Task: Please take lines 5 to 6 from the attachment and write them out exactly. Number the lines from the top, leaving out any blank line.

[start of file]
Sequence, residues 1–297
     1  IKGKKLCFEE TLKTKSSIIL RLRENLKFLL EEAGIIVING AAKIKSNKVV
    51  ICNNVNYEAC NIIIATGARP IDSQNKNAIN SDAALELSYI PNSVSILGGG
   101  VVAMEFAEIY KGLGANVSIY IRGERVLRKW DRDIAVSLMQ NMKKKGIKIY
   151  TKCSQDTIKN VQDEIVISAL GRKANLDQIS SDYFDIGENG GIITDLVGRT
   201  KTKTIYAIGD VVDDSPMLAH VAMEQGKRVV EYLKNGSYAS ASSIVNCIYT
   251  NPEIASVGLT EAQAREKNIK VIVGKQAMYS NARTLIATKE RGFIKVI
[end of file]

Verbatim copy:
   151  TKCSQDTIKN VQDEIVISAL GRKANLDQIS SDYFDIGENG GIITDLVGRT
   201  KTKTIYAIGD VVDDSPMLAH VAMEQGKRVV EYLKNGSYAS ASSIVNCIYT